Many of us are slow learners.
    Keep up the good work.

  5. A very valid and well made point. After the subjective assessment I always ask “What do you expect from me?” – some patients want a diagnosis, others a massage, some a scan, others exercises etc. I think sometimes we assume we know what they want/expect but this may not be the case. They may have unrealistic expectations which need to be dealt with carefully but this simple question opens up a discussion.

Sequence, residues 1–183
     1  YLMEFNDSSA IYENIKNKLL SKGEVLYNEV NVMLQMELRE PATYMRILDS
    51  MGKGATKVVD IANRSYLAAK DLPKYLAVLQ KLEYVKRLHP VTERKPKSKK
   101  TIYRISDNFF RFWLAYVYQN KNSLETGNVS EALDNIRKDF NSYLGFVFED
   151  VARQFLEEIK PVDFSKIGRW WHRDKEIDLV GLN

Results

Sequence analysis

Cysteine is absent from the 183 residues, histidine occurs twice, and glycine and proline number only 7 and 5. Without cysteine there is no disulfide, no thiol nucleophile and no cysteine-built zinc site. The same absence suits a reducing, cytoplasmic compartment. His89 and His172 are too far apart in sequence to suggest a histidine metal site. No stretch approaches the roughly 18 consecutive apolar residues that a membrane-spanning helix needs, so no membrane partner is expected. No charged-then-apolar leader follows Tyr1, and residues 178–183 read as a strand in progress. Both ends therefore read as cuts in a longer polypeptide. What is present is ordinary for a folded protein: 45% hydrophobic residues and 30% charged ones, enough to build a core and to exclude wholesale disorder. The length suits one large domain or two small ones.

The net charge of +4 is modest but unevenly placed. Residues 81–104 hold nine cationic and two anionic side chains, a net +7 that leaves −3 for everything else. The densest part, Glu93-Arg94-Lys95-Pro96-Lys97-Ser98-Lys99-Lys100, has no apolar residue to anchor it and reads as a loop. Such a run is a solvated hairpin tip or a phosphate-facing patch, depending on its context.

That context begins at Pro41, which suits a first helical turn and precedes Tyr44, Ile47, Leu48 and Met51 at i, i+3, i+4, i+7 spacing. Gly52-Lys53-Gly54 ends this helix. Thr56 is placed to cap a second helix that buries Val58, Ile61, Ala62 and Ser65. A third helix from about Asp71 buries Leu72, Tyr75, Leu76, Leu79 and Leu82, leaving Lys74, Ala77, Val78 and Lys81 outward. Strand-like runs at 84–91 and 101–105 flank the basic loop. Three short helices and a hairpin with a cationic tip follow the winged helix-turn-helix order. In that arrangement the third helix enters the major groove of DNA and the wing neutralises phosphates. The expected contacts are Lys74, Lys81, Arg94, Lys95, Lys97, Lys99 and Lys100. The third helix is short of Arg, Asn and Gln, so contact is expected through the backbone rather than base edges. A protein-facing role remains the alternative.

6. Good article on an important topic. In my opinion, the way we present information is THE most important thing when treating a patient who wants something that we do not believe is appropriate. Many of my patients are angry and frustrated with their doctor not for what they are saying, but the way they are saying it, which is often dictatorial and condescending. How many times have we heard, “the doctor isn’t listening to me, he just thinks I’m crazy”. If I listen to them, really listen to their whole story so that they know that I am genuinely concerned, and then explain the different options in plain English, including why I honestly believe that what they are asking for is really not a good idea, 99 times out of 100 they will say, “ok, that makes sense, why didn’t anyone explain that to me before?” Patients don’t really want to tell us how to do our jobs, they just want to be taken seriously.